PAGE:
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Don't judge a book by its cover

To encourage students not to judge people at first glance.

by Kimberley Jones

Suitable for Special Schools (any age)


To encourage students not to judge people at first glance.

Preparation and materials

  • Samples of crisp packets – Walkers, Doritos and Pringles.
  • Crisps for the taste challenge (see section 4 below). You need to exchange the contents of each packet so that the flavour is not as it says on the packet:
    –  Cheese and Onion exchange for Ready Salted
    –  Ready Salted exchange for Salt and Vinegar
    –  Salt and Vinegar exchange for Cheese and Onion.
  • Blindfold.
  • Download pictures of young people belonging to groups such as Goths, or any other groups who wear a distinctive type of clothing (see section 5).
  • You could rehearse students to read the facts about crisps.
  • A copy of the poem 'Green Eggs and Ham' by Dr Seuss.


  1. How many people here like crisps?

  2. Some Interesting and unusual facts about crisps.

    –  The story goes that in 1853, George Crum, who worked as a cook, became agitated one day when a customer sent his French-fried potatoes back to the kitchen complaining that they were cut too thickly. Crum, being a sarcastic man, reacted by slicing the potatoes as thinly as he possibly could, frying them in grease, and sending the crunchy brown chips back out on the guest’s plate. They were a huge success!

    –  Walkers make over 11 million bags of crisps a day and each day over 10 million people eat them.

    –  Walkers are worth around £436 million. In February 2012, Pringles was bought by Kellogg’s for $2.7 billion.

    –  Walkers crisps are made from 100 per cent British potatoes. Which is good because it rains 154 days a year in Britain (on average) – perfect potato growing weather!

    –  The largest crisp ever produced was 25 inches by 14 inches and weighed 5.4 ounces. This is equivalent to taking a whole packet of Pringles and gluing them all together.

    –  The world’s largest collection of crisp packets went on display in 2008 at the Hamaland Museum in north-west Germany. It contained 2,000 crisp packets.

    –  The name ‘Pringles’ comes from America. When the manufacturers were working out what to call the company, they went through an American telephone book, found the name Pringle Avenue, and decided it sounded good.

  3. Walkers currently have 15 flavours in their standard crisps. In the past they have tried out a further 45 different flavours, including Irish Stew, Scotch Haggis, Stephen Fry Up (full English breakfast).

    What in your opinion is the best flavour of crisps?

  4. Taste challenge

    Ask for a volunteer who is an expert on the taste of crisps. Blindfold your volunteer and ask him or her to try three varieties of crisps (see ‘Preparation and materials’). Everyone in the assembly will see the packets and believe you are giving the crisps described on the packets. The student tasting the crisps will (hopefully) give different answers.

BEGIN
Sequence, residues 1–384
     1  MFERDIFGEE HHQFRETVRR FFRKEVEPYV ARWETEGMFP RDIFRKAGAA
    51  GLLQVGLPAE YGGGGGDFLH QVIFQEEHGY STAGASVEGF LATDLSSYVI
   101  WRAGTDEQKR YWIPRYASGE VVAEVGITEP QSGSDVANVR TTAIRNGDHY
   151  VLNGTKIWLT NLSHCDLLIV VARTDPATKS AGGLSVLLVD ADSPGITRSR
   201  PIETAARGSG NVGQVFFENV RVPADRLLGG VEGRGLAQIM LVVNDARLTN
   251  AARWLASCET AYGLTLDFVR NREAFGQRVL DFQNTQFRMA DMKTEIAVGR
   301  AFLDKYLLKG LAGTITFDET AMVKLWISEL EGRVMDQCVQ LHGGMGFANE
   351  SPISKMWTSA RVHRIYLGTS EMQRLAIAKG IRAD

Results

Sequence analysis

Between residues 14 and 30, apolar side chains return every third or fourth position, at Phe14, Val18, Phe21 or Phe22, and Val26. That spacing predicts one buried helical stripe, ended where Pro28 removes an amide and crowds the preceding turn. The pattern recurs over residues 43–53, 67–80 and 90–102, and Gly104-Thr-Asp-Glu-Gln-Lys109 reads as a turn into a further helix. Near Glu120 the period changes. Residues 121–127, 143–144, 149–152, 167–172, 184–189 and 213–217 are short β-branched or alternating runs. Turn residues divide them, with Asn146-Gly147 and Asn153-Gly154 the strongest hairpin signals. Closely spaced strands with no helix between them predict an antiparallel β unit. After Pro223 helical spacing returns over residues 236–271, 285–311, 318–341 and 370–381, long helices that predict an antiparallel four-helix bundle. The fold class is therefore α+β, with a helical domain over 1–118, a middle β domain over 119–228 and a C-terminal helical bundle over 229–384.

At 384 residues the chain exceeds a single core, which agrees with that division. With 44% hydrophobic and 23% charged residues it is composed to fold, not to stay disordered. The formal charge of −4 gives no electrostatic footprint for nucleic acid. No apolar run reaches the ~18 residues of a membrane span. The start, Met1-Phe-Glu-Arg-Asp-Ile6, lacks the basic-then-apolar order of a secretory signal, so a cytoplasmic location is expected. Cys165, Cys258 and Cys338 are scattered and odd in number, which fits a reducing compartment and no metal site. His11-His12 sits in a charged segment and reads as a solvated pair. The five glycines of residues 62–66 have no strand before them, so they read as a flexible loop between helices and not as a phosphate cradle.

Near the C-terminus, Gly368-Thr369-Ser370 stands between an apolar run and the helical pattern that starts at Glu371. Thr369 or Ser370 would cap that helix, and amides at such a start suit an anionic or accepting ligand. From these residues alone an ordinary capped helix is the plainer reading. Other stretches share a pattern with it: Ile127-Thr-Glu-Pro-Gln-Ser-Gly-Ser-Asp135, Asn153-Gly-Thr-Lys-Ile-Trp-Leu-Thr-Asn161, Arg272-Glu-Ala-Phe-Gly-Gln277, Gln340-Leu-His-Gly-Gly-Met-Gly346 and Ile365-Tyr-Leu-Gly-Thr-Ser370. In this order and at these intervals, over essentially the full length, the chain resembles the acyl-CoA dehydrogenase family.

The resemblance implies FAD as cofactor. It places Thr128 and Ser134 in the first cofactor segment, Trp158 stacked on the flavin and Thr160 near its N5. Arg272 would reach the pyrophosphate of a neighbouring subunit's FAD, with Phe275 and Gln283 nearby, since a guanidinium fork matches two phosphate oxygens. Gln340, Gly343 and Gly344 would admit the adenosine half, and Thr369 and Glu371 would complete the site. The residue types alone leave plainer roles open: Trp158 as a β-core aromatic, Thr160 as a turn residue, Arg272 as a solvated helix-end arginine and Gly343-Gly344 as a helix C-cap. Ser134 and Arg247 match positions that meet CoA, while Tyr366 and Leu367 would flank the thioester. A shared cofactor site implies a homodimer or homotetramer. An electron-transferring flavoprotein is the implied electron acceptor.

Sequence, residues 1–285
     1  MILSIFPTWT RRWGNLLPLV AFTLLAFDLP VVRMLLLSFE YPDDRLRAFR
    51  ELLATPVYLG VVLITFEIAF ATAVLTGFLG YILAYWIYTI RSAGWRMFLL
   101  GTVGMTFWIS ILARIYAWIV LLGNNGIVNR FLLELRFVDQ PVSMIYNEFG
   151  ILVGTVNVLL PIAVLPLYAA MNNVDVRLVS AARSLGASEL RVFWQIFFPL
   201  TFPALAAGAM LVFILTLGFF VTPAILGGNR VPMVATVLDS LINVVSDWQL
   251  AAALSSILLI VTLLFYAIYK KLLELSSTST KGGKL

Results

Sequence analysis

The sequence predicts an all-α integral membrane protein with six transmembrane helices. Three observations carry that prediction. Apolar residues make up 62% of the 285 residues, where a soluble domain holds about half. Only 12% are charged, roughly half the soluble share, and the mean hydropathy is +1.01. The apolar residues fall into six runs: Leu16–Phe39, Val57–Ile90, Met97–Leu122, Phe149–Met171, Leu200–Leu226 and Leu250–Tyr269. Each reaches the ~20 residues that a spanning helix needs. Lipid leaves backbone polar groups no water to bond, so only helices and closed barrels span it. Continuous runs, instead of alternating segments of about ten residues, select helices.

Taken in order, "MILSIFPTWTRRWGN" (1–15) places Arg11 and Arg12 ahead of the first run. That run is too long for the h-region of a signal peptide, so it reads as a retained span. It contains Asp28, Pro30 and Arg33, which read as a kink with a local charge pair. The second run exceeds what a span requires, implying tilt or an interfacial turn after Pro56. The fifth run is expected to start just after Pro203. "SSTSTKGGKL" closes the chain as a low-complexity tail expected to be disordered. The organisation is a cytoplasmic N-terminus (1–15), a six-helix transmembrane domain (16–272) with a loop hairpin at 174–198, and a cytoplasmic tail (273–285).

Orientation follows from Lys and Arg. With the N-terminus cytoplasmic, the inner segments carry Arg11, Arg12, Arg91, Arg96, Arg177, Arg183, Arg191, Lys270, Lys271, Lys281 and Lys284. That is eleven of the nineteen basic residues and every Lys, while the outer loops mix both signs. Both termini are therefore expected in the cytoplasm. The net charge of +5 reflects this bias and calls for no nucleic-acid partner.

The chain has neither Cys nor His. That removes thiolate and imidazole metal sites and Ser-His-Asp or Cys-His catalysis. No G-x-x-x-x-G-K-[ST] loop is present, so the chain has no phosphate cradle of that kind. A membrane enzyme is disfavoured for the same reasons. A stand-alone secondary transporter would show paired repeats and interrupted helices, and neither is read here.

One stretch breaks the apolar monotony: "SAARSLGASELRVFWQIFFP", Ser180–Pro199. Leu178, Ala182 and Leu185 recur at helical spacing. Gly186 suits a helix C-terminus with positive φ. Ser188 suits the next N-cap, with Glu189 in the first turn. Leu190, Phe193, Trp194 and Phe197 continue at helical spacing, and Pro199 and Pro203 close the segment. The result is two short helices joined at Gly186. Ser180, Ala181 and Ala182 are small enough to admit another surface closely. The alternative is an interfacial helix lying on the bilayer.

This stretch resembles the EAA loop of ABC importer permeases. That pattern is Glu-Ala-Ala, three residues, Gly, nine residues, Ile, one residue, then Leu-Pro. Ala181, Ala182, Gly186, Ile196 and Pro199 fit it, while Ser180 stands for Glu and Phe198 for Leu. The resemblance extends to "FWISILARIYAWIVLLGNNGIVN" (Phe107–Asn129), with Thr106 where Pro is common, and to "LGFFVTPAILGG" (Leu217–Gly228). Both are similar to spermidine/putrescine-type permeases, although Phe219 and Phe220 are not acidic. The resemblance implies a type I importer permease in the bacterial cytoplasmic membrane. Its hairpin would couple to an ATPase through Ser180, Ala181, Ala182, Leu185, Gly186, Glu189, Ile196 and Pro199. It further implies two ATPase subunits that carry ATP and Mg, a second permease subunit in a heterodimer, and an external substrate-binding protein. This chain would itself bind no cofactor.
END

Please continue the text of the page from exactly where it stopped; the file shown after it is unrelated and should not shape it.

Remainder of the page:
Discuss the results of the taste challenge. Who do you trust: the student or the packets?

    We have to try the crisps for ourselves to know for certain what is in the packets. The outside can be misleading.

  5. Similarly, with people, outward appearances can be misleading. There are tall people, short people, fat people, thin people, Black people and white people. People dress differently, eat different foods and speak in different languages.

    Sometimes we judge people by what they wear. Take this picture, for example. What do we think when we see it? (Show pictures of three or four sub-culture groups, for example, Goth, Rocker.)

    When we meet people who are different from us, it’s good to get to know them and find out what they are really like, rather than jumping to conclusions.

    This is expressed in an old American proverb: Never judge a book by its cover.

  6. Green Eggs and Ham

    There is a famous poem written by Dr Seuss called 'Green Eggs and Ham'. In the poem, the writer looks at the idea of eating green eggs and ham.

    Read the poem 'Green Eggs and Ham'.

    Now, if I were given a plate with green eggs on it, I don't think I would want to eat it. Would any of you?

    It would look terrible. But, near the end of the poem, the green eggs and ham are tasted and are loved. Just because something looks wrong or horrible, doesn't mean it is.

    If the green eggs and ham weren't tried, then something that tasted really great would have been missed. There are many things in life we could miss out on just because we don't like the look of them. Don't miss out on life because of judging a book by its cover.

Time for reflection

Think about the times when you’ve looked at people and decided they weren’t your sort.

Was that wise?

Would you like people to do that to you?

Lord God,
help me not to judge people by what they look like
but to accept them for who they are,
and because I know that you love them.


‘Would you walk by on the other side’ (Come and Praise, 70)

Publication date: February 2013   (Vol.15 No.2)    Published by SPCK, London, UK.
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